“1) The Real. This concept marks the state of nature from which we have been forever severed by our entrance into language…Lacan sometimes represents this state of nature as a time of fullness or completeness that is subsequently lost through the entrance into language…As far as humans are concerned, however, “the real is impossible,” as Lacan was fond of saying. It is impossible in so far as we cannot express it in language because the very entrance into language marks our irrevocable separation from the real. Still, the real continues to exert its influence throughout our adult lives since it is the rock against which all our fantasies and linguistic structures ultimately fail. The real for example continues to erupt whenever we are made to acknowledge the materiality of our existence, an acknowledgement that is usually perceived as traumatic (since it threatens our very “reality”), although it also drives Lacan’s sense of jouissance. ” – https://www.cla.purdue.edu/english/theory/psychoanalysis/lacanstructure.html
Knowledge, like truth, is relative to understanding. Our folk view of knowledge as being absolute comes from the same source as our folk view that truth is absolute, which is the folk theory that there is only one way to understand a situation. When that folk theory fails, and we have multiple ways of understanding, or ‘framing,’ a situation, then knowledge, like truth, becomes relative to that understanding. Likewise, when our knowledge is stable and secure, knowledge based on that understanding is stable and secure. Is such knowledge ‘real knowledge’? Well, it’s as real as our knowledge ever gets–real enough for all but the most seasoned skeptics. – George Lakoff
We should talk less and draw more. I personally would like to renounce speech altogether and, like organic nature, communicate everything I have to say in sketches. – Johann Wolfgang von Goethe quoted by the essayist Stephen Jay Gould
Space, if I can put it like this, is belonging: a complex nineteenth-century word, which certainly in its plural form speaks to the century’s dream of space as something possessable, but also–consider the longing built into the noun–something desired, vulnerable, patiently constructed, easily lost.
You can see the issue in a current debate in psychoanalysis. One version of psychoanalysis will say that the definition of mental health would be the capacity to tell a coherent narrative. From another psychoanalytic point of view, that would be precisely the problem. I think both things are true. People who have suffered ruptured, violated lives need and want some narrative coherence, but narrative coherence quickly can be a problem when it becomes a refuge from thinking. I agree that the idealization of narrative coherence is a bizarre cultural development. The problem is finding forms of incoherence that are listenable to. Psychoanalysis has tried this with the idea of free association—it can create a context in which incoherence is potentially the best way of talking to somebody.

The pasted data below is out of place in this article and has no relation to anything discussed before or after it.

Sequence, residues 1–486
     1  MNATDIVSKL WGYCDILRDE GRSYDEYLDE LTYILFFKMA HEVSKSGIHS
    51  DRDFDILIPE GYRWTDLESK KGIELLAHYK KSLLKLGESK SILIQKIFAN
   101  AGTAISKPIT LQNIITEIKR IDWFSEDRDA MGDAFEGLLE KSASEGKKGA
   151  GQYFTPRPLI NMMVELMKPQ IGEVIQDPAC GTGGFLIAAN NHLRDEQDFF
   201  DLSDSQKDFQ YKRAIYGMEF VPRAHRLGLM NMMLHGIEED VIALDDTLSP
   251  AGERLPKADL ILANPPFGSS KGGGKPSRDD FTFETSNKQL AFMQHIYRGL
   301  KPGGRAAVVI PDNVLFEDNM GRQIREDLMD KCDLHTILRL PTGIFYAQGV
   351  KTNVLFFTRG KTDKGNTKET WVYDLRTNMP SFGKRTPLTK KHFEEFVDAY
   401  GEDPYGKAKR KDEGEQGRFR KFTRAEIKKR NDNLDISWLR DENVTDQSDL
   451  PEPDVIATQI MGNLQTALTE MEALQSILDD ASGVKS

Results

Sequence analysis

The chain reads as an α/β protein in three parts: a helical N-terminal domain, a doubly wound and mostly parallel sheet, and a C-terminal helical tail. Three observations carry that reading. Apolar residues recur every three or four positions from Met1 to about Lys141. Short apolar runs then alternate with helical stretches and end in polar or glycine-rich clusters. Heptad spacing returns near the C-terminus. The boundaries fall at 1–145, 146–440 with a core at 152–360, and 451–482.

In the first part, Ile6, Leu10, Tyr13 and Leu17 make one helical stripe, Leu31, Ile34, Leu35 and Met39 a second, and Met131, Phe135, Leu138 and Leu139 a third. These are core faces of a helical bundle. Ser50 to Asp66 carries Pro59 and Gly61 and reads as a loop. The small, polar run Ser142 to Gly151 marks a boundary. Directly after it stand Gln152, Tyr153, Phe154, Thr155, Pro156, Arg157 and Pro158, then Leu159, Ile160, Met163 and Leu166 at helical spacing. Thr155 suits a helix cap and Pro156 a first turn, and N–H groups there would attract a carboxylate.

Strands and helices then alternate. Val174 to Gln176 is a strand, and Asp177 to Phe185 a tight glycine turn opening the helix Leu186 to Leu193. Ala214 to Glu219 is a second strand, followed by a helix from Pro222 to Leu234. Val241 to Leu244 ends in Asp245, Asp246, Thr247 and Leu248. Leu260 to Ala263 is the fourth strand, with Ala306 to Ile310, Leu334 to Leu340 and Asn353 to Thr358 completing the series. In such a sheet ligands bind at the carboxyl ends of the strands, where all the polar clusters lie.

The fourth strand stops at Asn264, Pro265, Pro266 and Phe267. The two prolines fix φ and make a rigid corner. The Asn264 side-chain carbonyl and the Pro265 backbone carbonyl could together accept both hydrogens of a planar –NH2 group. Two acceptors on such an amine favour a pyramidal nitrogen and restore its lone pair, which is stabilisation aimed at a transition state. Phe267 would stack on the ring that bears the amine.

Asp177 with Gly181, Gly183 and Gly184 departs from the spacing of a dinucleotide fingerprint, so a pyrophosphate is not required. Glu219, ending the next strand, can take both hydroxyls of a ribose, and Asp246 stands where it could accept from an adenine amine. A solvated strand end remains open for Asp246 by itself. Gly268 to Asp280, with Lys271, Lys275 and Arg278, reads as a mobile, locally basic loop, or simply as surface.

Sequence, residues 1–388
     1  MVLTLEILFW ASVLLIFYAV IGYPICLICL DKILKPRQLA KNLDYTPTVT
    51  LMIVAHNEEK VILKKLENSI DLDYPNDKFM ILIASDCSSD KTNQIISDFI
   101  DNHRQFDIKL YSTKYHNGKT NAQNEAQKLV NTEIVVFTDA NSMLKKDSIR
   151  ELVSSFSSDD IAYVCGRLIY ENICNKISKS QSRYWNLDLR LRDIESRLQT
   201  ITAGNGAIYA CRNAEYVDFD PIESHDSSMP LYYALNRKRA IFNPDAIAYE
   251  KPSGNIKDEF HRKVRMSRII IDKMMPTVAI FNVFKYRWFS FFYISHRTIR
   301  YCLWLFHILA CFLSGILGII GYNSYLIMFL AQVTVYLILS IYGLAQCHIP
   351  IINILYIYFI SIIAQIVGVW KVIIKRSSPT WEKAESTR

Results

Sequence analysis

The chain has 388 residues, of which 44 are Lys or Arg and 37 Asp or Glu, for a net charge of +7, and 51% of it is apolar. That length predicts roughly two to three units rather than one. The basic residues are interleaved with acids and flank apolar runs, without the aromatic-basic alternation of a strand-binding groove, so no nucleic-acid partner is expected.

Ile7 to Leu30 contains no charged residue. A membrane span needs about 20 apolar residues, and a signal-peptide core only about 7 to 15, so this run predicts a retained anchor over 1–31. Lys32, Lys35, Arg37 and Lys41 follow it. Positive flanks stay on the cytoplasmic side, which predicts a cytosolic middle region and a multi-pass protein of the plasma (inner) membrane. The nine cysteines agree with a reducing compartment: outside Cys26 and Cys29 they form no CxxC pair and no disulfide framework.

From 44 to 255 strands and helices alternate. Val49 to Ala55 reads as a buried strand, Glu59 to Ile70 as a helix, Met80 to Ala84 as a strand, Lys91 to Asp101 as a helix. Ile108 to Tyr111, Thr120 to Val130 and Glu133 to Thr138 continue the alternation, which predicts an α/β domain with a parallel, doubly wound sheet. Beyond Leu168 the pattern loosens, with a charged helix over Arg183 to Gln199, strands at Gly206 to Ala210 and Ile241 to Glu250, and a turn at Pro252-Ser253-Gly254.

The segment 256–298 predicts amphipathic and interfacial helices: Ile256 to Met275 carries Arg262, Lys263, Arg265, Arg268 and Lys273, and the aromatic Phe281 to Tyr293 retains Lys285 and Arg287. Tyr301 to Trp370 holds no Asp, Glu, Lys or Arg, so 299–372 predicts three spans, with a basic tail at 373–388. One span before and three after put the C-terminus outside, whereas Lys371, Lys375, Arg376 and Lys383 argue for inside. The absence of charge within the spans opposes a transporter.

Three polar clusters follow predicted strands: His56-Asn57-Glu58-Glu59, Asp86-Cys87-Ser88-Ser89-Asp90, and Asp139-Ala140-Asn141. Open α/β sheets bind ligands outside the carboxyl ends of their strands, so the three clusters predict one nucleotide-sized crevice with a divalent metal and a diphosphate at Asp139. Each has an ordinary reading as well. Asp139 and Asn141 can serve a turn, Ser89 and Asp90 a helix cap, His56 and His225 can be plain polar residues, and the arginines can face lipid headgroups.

Signs and symbols affixed to the picture surface cannot be translated through concepts and categories. That is why the prime enterprise of visual art is expressing all the things that concepts cannot capture. The figures, situations, signs or abstract sequences that appear in visual art Lyotard characterizes as “depots of narrative energy” (“des dépots d’énergie narrative”) that create other “narratives” and stimulate the viewers to create some for themselves. Visual art does not transmit unambiguous signals. It keeps its secrets.
– Lyotard, Between Philosophy and Art. Paper given at the Conference of French Philosophy and Contemporary Art at The Center for body, Mind and Culture, Boca Raton, Florida, Dec. 3-4, 2007. By Else Marie Bukdahl, Ph.D. Former president of the Royal Danish Academy of Fine Arts, Copenhagen, October 2007.